Supervisory Systems - FINRA Conduct Rules
Throughout the FINRA Bylaws and Conduct Rules, the term "member" refers to broker-dealers, while registered representatives are referred to as "persons associated with a member".
NASD (now known as FINRA) Rule 3020 requires members who are required to join the Securities Investor Protection Corp. (SIPC) and are not members in good standing with one of the major stock exchanges to carry a blanket fidelity bond that covers officers and employees in the event of losses including:
- On premises
- In transit
- Fraudulent trading
NASD (FINRA) Rule 3030 requires registered persons who receive income from any business activity to provide written notification to their firm. Broker-dealers must approve and monitor such activity over time.
Private Securities Transactions
NASD (FINRA) Rule 3040 generally prohibits registered representatives from handling a securities transaction for a customer through another firm. Such a private security transaction is known as "selling away". There are two exceptions to this rule:
- The first exception applies if the firm grants prior written approval after the representative gives prior written notice of the transaction before it occurs. If the firm does give approval, it is responsible for supervising the transaction.
- The second exception is for transactions on behalf of immediate family members AND the registered person receives no compensation. In that case, no written notification to the firm is required.
NASD (FINRA) Rule 3050 requires that broker-dealers grant permission to other broker-dealers when the employees of broker-dealers or the spouses and minor children of broker-dealer employees establish investment accounts.
An important responsibility of the executing member is to determine adverse interest. They must use reasonable diligence to be sure that the execution of any securities transaction for the associated person would not adversely affect the interests of the employing member.
Prior to opening the account or placing an initial order for a securities transaction with a member firm (other than their own) the broker-dealer must notify both their employer and the executing member in writing. The FINRA requires notification from the account-holding broker-dealer to the employer and requires the receipt of duplicate confirmations upon the request of the employer.
This requirement also applies to investment advisor or bank accounts that involve the purchase of securities. However, it does not apply to the following types of accounts:
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FINRA conduct rules state that when a firm member knows that a person associated with an employer member has a financial interest in or discretionary authority over any existing or proposed account carried by the executing firm, that firm member must notify the employer member in writing of the intention to open the account, send duplicate confirmations and statements to the employer member, if requested, and notify the person opening the account that these procedures will be followed.
NASD (FINRA) Rule 3120 governs the use of information obtained by a registered person when in a fiduciary capacity (such as trustee, transfer agent or paying agent). If information regarding ownership of securities is received, the member may not make use of such information for the purpose of soliciting sales or purchases of the security except at the request of and on behalf of the issuer.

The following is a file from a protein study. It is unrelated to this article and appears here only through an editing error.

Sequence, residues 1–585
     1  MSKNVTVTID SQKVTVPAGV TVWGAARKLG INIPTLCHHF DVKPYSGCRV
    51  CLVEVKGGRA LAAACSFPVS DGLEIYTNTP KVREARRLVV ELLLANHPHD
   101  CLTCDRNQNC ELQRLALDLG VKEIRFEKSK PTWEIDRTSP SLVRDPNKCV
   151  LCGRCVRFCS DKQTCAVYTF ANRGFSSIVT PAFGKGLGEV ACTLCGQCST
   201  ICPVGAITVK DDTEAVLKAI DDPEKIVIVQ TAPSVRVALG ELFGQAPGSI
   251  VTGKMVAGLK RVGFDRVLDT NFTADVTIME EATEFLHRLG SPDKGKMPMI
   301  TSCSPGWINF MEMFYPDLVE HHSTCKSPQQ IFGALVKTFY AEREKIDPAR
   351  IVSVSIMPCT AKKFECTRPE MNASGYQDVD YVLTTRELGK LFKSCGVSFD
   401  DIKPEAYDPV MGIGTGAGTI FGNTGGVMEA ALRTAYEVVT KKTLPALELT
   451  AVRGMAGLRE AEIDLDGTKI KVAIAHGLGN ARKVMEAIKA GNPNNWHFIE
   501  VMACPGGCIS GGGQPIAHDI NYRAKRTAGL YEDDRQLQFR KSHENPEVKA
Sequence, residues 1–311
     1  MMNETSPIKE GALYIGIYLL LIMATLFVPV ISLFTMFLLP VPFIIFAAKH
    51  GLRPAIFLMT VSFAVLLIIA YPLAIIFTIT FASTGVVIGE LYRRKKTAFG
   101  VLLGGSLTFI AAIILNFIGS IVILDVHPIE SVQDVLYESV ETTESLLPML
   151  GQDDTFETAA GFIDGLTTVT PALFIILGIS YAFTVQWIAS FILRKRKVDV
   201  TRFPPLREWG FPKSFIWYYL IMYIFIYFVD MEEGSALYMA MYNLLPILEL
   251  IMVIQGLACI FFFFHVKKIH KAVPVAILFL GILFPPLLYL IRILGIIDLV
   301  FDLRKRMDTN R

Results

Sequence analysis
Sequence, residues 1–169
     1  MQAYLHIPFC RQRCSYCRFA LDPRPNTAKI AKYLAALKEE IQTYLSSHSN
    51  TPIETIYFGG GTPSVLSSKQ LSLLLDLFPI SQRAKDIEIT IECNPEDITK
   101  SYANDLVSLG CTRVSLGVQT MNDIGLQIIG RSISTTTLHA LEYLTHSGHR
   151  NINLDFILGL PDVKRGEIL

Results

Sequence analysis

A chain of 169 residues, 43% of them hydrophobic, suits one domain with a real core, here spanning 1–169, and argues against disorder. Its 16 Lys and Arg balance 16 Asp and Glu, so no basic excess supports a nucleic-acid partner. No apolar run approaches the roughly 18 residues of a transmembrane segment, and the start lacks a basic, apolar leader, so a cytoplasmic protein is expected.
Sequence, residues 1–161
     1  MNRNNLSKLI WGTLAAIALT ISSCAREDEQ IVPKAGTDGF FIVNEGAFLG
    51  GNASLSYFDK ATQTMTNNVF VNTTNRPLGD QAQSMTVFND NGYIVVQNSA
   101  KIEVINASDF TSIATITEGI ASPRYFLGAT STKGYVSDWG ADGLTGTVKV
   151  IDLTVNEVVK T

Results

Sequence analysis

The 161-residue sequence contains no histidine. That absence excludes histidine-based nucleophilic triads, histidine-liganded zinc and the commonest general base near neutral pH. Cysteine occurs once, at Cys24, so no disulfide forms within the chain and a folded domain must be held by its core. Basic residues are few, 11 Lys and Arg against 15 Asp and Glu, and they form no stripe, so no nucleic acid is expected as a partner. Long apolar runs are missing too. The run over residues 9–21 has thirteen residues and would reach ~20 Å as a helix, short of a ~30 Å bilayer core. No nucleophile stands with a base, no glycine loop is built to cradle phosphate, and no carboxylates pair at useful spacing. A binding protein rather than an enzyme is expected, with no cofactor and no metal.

Influencing Employees of Others
NASD (FINRA) Rule 3060 states that members may not give any gift or item worth more than $100 per year to any person employed by another member firm. Such a gift is considered a gratuity and members must keep detailed records of all such amounts given to the employees of another member firm.
NASD (FINRA) Rule 3070 requires members to report to the FINRA any of the following activities of either the member or any person associated with the member:
- Violation of any securities law or regulation
- Receipt of customer complaint involving allegations of theft, forgery or misappropriation of funds
- Association in a business or financial activity with a person subject to statutory disqualification
- Pleading guilty, no contest or being indicted or convicted of any criminal offense
- Being expelled, suspended, disciplined or denied registration by any securities, commodities, insurance or self-regulatory body
- Being subject to claims for damages greater than $15,000
- Being named as a defendant or respondent in any proceeding brought by a regulatory or self-regulatory body
Larceny and Embezzlement
Section 37 of the Investment Company Act of 1940 states that anyone who steals, unlawfully abstracts, unlawfully and willingly converts to his own use or to the use of another, or embezzles any of the moneys, funds, securities, credits, property or assets of any registered investment company shall be deemed guilty of a crime and, upon conviction thereof, shall be subject to the penalties provided in section 49 [15 USCS 80a-48]. A judgment of conviction or acquittal on the merits under the laws of any state shall be a bar to any prosecution under this section for the same act or acts.